Jackson County commissioners passed an ordinance Wednesday that severely limits government’s ability to seize private property unless there is a clear public benefit.
The commissioners drafted the ordinance in answer to a recent U.S. Supreme Court ruling that government entities can invoke eminent domain to condemn homes in a working-class neighborhood for private development in hopes of boosting tax revenue and improving the local economy.
"I don’t want that to happen here," said Commissioner Dave Gilmour, who urged other municipalities to pass a similar ordinance. "We don’t have the right to take private property to benefit non-public uses."
Commissioner C.W. Smith, citing the need to protect property rights, said, "I am extremely shocked the Supreme Court would take this kind of action."
Commissioner Jack Walker, who is recovering from surgery and wasn’t present at the meeting, previously expressed solidarity with the other commissioners.
The ordinance doesn’t mean that commissioners won’t exercise government’s ability to use eminent domain in situations that benefit the public, such as road and bridge projects. The county approves several eminent domain actions every year.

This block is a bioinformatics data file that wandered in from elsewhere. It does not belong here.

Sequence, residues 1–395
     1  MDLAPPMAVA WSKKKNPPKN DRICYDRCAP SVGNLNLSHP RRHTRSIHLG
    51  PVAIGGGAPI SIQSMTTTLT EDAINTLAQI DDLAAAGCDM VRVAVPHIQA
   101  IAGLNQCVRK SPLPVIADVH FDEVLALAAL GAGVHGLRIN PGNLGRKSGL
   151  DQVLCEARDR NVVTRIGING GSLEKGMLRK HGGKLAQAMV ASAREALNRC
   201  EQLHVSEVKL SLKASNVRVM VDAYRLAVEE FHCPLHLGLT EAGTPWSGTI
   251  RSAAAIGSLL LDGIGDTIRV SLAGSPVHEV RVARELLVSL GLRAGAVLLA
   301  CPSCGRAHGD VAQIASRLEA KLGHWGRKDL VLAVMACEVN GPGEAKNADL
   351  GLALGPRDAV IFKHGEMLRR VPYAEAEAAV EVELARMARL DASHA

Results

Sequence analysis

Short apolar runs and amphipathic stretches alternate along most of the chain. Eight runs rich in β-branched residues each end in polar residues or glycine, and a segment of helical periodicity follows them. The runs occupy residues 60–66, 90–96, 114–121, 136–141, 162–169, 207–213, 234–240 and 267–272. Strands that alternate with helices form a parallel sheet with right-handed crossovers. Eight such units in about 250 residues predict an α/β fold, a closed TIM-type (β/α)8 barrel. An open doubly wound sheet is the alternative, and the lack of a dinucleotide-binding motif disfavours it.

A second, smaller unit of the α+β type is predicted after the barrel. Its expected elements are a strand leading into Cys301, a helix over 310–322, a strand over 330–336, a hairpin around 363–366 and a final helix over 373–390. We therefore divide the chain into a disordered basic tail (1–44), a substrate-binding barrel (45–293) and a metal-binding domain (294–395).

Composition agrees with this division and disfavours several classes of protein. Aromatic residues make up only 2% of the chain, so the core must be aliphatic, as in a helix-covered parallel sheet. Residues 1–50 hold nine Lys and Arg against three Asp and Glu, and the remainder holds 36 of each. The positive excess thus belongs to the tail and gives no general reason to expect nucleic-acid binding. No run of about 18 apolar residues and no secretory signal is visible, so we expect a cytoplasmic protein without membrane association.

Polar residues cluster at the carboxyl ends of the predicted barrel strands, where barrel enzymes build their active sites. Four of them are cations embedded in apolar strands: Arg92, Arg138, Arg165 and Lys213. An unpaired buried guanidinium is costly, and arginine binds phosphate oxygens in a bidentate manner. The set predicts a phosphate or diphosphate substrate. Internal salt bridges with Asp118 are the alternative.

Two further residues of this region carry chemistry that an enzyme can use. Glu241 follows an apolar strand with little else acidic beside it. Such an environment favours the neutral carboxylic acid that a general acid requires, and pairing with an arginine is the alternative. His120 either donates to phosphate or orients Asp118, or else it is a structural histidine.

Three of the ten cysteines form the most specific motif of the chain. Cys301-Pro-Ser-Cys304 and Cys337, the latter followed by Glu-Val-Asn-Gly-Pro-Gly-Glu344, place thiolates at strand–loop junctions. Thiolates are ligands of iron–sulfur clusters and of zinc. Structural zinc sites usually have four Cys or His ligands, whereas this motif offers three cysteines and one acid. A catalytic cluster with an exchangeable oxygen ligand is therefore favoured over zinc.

The ordinance, which will have a second reading on Sept. 14 before fully taking effect, reads: "The Jackson County Board of Commissioners believes that the power of eminent domain should be used to acquire property only for public purposes, as has traditionally been the case in Oregon."
Last year, commissioners rejected a request by Britt Festivals to seize property needed for expansion.
In years past, government agencies have used eminent domain to build Camp White during World War II and Interstate 5 in the late 1960s.
The county also gives land back to property owners in some cases, such as when a road that was planned many years ago is never built or a right of way is no longer needed.
In a dissenting opinion, Justice Sandra Day O’Connor said the government now has license to transfer property from the poor and middle class to corporations and development firms.
Mail Tribune: www.mailtribune.com